Social Media and Loneliness

Ethan Kross, a psychologist at the University of Michigan, suggests that his recent research shows that online social media use, rather than making us as users feel inter-connected, contributes to overall life dis-satisfaction and loneliness. 

This side-effect can have drastic results, considering over 1.1 billion users around the world are linked up on Facebook alone. 

The study monitored 82 participants’ feelings and well-being, compared to their social media use, over a long period of time. This kind of LONG TERM comparative research was the first of its kind to be conducted.

The main correlation result was: the more time spent on social media, the less happy you will be over time.

A separate study in 2010 conducted by Carnegie Mellon University discovered that when users are DIRECTLY interacting with social media friends, such as posting pictures and status updates, tagging photos, or liking things, their sociability and well-being increased.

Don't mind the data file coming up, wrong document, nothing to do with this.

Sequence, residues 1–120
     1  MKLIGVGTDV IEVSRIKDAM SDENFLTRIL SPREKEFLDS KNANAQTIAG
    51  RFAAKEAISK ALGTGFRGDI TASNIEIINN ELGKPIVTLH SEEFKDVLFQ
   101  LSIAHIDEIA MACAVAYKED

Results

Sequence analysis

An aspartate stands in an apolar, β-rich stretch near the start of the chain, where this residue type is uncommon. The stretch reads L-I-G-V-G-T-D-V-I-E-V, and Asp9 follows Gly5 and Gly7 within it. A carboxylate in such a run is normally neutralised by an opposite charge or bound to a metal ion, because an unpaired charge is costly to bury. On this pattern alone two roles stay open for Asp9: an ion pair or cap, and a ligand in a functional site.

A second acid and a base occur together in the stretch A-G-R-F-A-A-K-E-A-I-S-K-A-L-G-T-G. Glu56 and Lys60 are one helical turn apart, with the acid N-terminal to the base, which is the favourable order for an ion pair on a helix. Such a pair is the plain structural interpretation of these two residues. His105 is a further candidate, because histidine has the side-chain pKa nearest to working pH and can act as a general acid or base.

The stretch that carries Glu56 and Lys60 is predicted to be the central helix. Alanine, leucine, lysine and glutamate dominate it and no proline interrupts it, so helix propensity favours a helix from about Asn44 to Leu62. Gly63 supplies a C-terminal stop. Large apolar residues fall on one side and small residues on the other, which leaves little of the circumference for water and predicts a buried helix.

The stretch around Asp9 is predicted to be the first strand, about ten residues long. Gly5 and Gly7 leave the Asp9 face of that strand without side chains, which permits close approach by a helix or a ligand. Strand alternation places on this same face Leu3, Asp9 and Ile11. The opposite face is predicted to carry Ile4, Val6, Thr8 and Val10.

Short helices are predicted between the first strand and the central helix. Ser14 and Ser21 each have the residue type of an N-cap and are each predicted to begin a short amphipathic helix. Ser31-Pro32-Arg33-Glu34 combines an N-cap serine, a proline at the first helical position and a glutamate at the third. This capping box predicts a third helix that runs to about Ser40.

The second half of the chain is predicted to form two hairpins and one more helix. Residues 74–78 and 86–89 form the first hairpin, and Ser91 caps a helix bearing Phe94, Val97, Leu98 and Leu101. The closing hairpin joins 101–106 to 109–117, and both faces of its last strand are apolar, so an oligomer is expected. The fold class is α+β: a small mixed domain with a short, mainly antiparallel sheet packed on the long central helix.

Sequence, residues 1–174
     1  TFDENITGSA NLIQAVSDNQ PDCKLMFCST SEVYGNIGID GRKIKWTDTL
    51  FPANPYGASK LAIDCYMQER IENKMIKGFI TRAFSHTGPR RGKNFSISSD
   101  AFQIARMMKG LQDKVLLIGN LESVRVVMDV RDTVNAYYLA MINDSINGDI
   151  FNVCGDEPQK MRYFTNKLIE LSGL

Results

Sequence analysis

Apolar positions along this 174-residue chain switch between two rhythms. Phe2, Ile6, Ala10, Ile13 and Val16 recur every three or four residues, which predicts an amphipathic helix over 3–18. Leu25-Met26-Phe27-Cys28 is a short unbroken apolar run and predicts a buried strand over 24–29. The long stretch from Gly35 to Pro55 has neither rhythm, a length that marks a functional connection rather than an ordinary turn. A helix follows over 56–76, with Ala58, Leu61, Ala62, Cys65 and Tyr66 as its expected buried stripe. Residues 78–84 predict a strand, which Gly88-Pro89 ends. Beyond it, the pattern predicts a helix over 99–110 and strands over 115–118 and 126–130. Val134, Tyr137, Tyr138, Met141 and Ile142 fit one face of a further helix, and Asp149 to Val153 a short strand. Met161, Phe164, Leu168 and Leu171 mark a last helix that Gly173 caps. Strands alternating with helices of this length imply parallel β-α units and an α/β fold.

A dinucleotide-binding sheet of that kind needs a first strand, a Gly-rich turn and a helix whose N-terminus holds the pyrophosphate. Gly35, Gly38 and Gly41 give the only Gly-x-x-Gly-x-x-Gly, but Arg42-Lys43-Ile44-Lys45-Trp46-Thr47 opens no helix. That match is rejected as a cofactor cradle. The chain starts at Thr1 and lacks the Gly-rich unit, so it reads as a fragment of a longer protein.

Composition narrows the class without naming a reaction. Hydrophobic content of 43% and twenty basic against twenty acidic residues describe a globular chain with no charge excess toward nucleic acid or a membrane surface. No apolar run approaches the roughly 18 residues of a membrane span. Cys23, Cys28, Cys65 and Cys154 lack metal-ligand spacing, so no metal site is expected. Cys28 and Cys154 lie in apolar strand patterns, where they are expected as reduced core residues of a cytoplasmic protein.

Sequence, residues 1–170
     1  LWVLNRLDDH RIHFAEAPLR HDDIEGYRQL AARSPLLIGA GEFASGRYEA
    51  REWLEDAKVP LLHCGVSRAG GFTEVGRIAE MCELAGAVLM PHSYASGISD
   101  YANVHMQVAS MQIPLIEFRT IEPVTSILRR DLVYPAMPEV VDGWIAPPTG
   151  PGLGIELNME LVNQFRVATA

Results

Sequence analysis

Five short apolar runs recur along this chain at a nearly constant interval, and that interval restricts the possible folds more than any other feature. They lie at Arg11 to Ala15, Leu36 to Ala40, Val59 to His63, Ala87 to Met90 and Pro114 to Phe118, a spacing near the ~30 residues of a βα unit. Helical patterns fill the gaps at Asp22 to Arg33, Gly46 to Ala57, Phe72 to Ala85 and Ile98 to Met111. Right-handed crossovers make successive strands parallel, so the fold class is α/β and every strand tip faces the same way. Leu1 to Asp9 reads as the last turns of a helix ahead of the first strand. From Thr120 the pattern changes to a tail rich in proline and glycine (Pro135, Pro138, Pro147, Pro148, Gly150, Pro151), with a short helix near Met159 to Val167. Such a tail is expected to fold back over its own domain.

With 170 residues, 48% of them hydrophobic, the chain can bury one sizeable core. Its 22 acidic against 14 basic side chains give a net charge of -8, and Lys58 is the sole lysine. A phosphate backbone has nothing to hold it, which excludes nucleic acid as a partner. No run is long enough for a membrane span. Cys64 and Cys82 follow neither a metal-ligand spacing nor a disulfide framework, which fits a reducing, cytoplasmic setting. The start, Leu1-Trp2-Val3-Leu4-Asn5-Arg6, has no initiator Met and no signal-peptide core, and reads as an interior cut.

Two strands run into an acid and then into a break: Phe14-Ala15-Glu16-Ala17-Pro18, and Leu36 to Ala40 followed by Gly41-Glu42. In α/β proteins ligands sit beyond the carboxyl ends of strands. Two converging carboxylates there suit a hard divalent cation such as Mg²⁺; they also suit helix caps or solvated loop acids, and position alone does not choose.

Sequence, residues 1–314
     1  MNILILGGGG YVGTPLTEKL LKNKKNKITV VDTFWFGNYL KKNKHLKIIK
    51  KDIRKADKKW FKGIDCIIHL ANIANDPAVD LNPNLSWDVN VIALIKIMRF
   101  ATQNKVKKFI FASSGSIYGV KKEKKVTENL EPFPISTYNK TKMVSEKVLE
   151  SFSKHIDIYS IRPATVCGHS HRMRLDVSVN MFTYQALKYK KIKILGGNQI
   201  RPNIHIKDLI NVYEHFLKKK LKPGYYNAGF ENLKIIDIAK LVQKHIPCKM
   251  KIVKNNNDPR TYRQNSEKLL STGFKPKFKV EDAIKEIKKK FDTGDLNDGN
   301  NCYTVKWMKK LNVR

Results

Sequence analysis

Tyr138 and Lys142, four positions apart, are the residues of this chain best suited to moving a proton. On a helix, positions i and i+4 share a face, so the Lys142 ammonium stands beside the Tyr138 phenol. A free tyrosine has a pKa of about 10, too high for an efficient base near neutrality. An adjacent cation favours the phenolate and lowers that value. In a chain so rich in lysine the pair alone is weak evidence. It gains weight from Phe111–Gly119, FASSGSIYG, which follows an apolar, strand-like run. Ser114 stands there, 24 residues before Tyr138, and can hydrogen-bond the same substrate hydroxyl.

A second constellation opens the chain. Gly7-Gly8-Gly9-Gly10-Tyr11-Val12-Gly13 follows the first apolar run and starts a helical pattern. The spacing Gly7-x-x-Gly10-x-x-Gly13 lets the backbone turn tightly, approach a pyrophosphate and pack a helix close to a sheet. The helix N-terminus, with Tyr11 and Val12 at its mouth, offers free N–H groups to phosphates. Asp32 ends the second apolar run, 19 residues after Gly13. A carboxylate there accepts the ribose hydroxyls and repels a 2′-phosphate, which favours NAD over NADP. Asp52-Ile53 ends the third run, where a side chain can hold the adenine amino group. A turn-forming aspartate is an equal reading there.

However, the dangerous part of our social media use stems from the time we are passively consuming social media content, which represents a majority of user time spent on these platforms. This passive consumption of other peoples idealized vacations, days off, meals, boyfriends, family, etc. led users to feel lonely and unsatisfied with their own lives, despite how eschewed this perception of others lives ACTUALLY is. 

Thus, social media has forced us to face a grave paradox: social media claims to be the platform that can connect users with their friends, family, community and the like within seconds, and this is true; however, never before have we experienced more isolation than we are now as a result. Our obsession with our digital social media lives is beginning to take precedence over our physical, here-and-now lives, resulting in our inability to interact with real people, and enjoy life’s current moments without being distracted by how this will be portrayed on social media. 

Sources: Daily Mail

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